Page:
Physics-based Detection of Subpixel Targets in Hyperspectral Imagery
University of Maryland College Park United States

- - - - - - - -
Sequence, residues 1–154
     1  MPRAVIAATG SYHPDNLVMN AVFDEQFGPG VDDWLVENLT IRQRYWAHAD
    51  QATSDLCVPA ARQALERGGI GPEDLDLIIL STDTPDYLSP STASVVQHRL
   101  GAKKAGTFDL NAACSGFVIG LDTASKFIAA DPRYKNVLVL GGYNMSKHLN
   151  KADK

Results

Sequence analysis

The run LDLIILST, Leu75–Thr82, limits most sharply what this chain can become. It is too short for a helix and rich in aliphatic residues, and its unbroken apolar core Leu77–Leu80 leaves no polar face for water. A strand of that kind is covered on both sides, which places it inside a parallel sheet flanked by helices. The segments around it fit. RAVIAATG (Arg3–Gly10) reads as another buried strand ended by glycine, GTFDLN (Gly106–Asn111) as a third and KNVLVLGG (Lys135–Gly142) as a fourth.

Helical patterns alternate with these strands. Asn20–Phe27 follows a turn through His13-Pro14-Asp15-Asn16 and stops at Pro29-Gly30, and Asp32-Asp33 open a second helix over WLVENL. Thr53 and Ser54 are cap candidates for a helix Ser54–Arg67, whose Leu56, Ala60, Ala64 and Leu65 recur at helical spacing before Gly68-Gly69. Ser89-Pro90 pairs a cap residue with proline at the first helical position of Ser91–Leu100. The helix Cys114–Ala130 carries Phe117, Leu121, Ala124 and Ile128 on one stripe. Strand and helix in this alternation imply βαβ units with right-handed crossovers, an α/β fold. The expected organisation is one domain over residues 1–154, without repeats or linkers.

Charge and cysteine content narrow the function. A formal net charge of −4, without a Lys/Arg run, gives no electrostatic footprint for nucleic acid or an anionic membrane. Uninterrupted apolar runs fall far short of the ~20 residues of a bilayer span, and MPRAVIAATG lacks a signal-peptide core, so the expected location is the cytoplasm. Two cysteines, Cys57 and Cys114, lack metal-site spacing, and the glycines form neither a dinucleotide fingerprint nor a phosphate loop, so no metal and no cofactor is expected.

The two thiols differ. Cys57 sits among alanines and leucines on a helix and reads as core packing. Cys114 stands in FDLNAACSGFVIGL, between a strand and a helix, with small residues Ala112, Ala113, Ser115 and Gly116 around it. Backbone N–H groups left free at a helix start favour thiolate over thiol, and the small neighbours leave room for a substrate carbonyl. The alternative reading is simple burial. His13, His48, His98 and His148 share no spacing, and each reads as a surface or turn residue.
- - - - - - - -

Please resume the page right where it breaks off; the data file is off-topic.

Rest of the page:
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Hyperspectral imagery provides the ability to detect targets that are smaller than the size of a pixel. They provide this ability by measuring the reflection and absorption of light at different wave lengths creating a spectral signature for each pixel in the image. This spectral signature contains information about the different materials within the pixel therefore, the challenge in subpixel target detection lies in separating the targets spectral signature from competing background signatures. Most research has approached this problem in a purely statistical manner. Our approach fuses statistical signal processing techniques with the physics of reflectance spectroscopy and radiative transfer theory. Using this approach, we provide novel algorithms for all aspects of subpixel detection from parameter estimation to threshold determination. Characterization of the target and background spectral signatures is a key part of subpixel detection. We develop an algorithm to generate target signatures based onradiative transfer theory using only the image and a reference signature without the need for calibration, weather information, or source-target-receiver geometries. For background signatures, our work identifies that even slight estimation errors in the number of background signatures can severely degrade detection performance. To this end, we present a new method to estimate the number of background signatures specifically for subpixel target detection. At the core of the dissertation is the development of two hybrid detectors which fuse spectroscopy with statistical hypothesis testing. Our results show that the hybrid detectors provide improved performance in three different ways insensitivity to the number of background signatures, improved detection performance, and consistent performance across multiple images leading to improved receiver operating characteristic curves. Lastly, we present a novel adaptive threshold estimate via extreme value theory.